Computer chip giant Intel has today confirmed that all its future processors, beginning with its next generation Intel Core 2 Duo, Core 2 Quad and Xeon processors later this year, are going to be entirely lead free.
Alastair Kemp, a spokesman for the company, said that Intel had faced a number of major "engineering challenges" in eradicating lead - which is used in the solder that connects processors to the motherboard - as lead-based solders have the correct properties required to ensure connections are maintained as the heated processors expand and contract.
However, now the company has found a working replacement in the form of a tin/silver/copper alloy and a new design for the micro-electronic "bumps" (pictured left) that attach chips to the packages that wrap around them and ultimately connect the processors to the motherboard.
"It was a question of finding a material that could expand and contract with the heat, while keeping contact [with the packages] and not wearing out over time," said Kemp.
The new technology will be launched later this year in Intel's 45 nanometer (nm) high-k metal gate (Hi-k) processors, which includes its new Intel Core 2 Duo, Core 2 Quad and Xeon processors, before being rolled out across all its next generation chipsets from next year.
Besides having clear environmental and health benefits the new lead free chips will also make it easier for Intel to comply with imminent legislation that could see lead banned from IT equipment completely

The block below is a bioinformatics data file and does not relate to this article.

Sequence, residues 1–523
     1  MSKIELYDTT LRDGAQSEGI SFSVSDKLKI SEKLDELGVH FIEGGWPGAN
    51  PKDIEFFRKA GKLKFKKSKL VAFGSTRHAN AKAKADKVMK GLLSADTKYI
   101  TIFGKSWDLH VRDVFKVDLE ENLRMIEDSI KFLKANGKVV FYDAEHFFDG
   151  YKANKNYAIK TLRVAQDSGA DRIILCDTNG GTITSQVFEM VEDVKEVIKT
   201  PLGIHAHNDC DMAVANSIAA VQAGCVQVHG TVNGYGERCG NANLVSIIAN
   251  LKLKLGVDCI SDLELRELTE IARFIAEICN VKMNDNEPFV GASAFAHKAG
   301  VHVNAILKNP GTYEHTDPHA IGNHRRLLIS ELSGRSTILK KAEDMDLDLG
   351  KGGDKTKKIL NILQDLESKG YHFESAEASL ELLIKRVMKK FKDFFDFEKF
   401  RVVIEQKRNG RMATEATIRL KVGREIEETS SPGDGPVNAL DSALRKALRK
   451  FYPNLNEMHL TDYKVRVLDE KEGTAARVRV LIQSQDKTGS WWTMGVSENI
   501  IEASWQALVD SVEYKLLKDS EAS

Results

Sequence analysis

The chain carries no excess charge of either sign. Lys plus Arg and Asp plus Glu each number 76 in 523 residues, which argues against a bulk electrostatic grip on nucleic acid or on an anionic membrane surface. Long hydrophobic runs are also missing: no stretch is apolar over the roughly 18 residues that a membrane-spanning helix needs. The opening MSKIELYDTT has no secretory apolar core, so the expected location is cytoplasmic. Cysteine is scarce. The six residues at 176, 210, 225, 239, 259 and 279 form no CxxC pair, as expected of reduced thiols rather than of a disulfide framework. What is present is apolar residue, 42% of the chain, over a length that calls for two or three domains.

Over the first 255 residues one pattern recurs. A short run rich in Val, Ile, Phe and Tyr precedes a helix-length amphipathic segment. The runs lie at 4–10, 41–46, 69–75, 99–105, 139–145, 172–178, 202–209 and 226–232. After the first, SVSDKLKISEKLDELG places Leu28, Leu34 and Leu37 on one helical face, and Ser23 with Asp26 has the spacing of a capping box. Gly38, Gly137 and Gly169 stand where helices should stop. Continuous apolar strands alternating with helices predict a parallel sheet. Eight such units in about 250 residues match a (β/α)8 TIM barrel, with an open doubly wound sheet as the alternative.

Under the current EU Restriction on Hazardous Substances (RoHS) Directive, which bans the use of six hazardous chemicals often found in IT equipment, there is an exemption that allows lead to continue to be used in small quantities because it was agreed there was no viable solder alternative.
Prior to RoHS being launched several IT firms argued that alternative solders, such as the mix of tin, silver and copper now being used by Intel, were not viable at the time as they have higher melting points that increase risks of damaging motherboards during the manufacturing process. Further concerns were also voiced that so called tin whiskers, whereby tin can grow over time, could compromise the reliability of the new alloy.
However, this RoHS exemption is due to be reviewed in 2010 and experts agree that with Intel and other manufacturers making progress in eradicating lead entirely there is every chance lead could be banned altogether from IT equipment within the next few years.
"This new development helps us exceed the requirements of RoHS," said Kemp. "We know those exemptions [covering lead] are due to expire at some point and this gets us compliant well ahead of that."
The move was welcomed by Zeina Alhajj of Greenpeace who said that it proves that the IT industry is capable of innovating in order to get rid of dangerous chemicals.
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